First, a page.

US President Donald Trump is looking forward to meeting with his Russian counterpart, Vladimir Putin, on the sidelines of the G20 summit in Osaka, Japan, later this month, White House National Security Adviser John Bolton said ahead of his trilateral meeting with Israeli National Security Adviser Meir Ben-Shabbat, and Russian Security Council Secretary Nikolai Patrushev in Jerusalem.
Bolton, who arrived in Jerusalem on Saturday, earlier said that he hoped the trilateral meeting could lay the groudwork for a broader dialogue.
"Prime Minister Netanyahu’s strong relationships with both President Trump and President Putin augur well the chances of success and greater alignment of the policies of these three great countries in a number of critical security issues", he stated.
Meanwhile, Russian Deputy Foreign Minister Sergei Ryabkov also said that Moscow assumes that a Trump-Putin will likely take place at the upcoming G20 summit set for 28-29 June.
In an earlier interview with Fox News, Trump said he would hold a meeting with Putin on the margins of the gathering, as well as with China's Xi Jinping.
"We don't have a good relationship with Russia. And we don't have a good relationship with China. It's very important that we do. They are powerful nations and we are a very powerful nation [...] I want to get along with Russia and I think we will. I want to get along with China and I think we will. I'm meeting actually both of them next week in Japan at the G20", Trump said.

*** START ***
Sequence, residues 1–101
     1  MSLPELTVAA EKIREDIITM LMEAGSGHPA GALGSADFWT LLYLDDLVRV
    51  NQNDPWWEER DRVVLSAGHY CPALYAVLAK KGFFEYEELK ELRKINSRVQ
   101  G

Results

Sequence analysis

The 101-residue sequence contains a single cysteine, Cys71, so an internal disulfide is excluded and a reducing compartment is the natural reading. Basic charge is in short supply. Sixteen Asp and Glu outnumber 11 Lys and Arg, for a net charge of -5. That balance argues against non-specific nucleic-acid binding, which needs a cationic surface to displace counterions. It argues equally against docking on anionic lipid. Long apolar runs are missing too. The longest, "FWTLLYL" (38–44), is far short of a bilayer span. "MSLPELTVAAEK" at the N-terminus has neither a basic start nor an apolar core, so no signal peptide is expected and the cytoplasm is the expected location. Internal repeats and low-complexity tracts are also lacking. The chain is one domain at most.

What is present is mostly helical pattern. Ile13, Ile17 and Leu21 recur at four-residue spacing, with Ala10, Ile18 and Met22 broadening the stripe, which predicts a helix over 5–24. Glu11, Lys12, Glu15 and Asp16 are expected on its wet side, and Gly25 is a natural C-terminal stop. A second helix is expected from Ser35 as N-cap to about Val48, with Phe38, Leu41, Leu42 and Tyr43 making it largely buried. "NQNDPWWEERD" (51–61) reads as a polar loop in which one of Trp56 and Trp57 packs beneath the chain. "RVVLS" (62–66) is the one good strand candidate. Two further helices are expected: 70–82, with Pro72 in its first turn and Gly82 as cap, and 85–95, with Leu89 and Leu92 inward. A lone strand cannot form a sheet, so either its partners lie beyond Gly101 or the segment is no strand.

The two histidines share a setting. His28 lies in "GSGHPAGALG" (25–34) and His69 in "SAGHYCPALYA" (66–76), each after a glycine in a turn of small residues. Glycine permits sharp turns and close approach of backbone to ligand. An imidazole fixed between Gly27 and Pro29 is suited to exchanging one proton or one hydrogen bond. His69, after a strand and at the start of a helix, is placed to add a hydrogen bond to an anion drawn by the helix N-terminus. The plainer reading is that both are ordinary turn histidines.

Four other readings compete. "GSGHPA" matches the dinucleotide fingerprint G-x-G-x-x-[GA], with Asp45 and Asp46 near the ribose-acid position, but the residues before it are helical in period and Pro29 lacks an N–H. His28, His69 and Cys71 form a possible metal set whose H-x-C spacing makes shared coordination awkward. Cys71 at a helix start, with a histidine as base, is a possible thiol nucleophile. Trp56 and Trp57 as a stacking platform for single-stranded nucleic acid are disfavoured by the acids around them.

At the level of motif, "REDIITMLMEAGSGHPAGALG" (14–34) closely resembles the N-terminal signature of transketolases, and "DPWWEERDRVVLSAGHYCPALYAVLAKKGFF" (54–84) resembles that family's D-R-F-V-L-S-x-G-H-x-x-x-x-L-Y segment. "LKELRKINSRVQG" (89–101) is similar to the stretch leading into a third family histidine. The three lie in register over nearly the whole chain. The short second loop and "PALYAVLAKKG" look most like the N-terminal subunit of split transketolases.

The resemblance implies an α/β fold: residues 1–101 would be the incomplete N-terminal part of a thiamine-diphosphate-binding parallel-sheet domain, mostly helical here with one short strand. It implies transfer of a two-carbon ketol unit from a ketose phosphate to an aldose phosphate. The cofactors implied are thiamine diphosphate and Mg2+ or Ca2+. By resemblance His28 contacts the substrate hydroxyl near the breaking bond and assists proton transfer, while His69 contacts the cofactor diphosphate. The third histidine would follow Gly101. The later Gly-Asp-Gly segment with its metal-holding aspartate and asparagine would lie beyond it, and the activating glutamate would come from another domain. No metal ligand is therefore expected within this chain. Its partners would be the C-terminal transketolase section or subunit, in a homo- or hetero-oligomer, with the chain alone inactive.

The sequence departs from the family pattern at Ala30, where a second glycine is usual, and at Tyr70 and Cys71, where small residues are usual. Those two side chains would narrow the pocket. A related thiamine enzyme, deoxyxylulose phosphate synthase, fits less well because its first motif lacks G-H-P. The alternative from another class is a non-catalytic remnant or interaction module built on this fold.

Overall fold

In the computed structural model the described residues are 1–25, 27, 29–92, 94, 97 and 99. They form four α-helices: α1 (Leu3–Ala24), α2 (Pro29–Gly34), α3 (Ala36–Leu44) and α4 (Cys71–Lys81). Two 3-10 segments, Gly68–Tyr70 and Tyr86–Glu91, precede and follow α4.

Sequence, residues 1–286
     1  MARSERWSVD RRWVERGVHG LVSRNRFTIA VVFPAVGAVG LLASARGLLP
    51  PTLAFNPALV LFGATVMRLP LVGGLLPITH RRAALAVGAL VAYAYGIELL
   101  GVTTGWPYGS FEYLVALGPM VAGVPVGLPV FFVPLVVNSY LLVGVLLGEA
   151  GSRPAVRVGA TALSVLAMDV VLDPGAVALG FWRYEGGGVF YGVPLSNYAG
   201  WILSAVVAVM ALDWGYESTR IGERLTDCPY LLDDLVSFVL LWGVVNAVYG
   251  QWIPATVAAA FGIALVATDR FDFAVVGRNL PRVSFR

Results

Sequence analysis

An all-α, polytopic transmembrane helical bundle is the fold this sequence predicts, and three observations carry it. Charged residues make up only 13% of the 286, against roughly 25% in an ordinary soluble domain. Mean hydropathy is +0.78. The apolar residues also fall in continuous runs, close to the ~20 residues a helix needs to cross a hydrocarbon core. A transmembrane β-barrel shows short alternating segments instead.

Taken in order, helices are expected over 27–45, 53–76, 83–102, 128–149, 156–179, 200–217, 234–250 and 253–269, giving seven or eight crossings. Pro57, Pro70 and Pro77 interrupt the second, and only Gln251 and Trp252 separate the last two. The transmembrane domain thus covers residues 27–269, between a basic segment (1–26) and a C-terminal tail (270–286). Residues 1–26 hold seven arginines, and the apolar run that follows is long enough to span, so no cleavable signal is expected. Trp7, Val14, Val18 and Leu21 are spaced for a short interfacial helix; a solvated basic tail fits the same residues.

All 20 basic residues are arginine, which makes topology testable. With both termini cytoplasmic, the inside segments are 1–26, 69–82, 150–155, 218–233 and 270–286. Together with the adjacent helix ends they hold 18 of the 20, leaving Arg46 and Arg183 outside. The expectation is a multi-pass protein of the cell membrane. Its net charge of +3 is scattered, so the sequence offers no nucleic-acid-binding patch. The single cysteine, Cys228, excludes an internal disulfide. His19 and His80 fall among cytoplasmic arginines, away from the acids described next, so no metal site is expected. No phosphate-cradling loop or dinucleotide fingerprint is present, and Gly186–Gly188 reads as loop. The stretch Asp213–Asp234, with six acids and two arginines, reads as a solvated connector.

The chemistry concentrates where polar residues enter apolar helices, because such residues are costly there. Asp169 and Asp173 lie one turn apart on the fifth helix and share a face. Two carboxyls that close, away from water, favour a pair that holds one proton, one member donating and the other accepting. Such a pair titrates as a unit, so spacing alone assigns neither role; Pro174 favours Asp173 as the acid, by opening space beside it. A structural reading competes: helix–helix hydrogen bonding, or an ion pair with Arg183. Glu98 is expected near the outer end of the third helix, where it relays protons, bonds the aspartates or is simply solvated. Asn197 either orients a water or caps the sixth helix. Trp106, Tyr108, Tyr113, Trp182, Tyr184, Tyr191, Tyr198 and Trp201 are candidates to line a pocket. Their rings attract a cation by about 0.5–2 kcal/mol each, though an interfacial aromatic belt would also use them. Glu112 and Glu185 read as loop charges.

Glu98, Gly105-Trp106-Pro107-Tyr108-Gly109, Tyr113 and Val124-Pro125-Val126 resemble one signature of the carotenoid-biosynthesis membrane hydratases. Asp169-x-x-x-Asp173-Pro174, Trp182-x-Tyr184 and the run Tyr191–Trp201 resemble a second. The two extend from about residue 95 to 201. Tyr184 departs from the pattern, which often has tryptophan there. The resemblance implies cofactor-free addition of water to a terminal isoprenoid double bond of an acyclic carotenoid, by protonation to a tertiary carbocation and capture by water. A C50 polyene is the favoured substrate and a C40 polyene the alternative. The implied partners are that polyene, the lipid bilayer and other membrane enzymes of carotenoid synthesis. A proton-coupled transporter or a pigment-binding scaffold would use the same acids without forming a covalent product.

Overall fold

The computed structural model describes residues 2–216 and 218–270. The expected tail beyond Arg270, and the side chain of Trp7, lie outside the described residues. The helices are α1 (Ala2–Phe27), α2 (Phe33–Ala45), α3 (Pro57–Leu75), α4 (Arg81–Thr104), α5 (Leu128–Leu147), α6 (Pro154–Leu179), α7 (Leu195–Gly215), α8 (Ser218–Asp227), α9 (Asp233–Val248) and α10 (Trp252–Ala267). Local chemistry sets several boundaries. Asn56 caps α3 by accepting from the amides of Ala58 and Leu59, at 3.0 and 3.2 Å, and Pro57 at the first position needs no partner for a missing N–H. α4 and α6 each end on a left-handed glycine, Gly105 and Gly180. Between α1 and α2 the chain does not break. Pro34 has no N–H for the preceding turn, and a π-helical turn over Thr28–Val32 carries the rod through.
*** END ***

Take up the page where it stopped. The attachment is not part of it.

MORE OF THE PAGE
Earlier this month, Kremlin spokesman Dmitry Peskov said that Moscow was ready to organise a Putin-Trump meeting even on the eve of the G20 summit, but hadn't received any signals from the US about the matter.
Last year, Trump called off his planned meeting with Putin at the G20 summit in Buenos Aires, Argentina, following a naval incident in the Sea of Azov, when three ships from the Ukrainian Navy breached Russia's border, entered Russian territorial waters that were temporarily closed and began moving towards the Kerch Strait.
The Ukrainian vessels were detained after failing to respond to a lawful demand to stop.
At the time, Moscow slammed the incident as a provocation on Kiev's part, aimed at creating a pretext to introduce martial law in Ukraine, boosting then-President Petro Poroshenko's ratings and imposing new sanctions on Russia.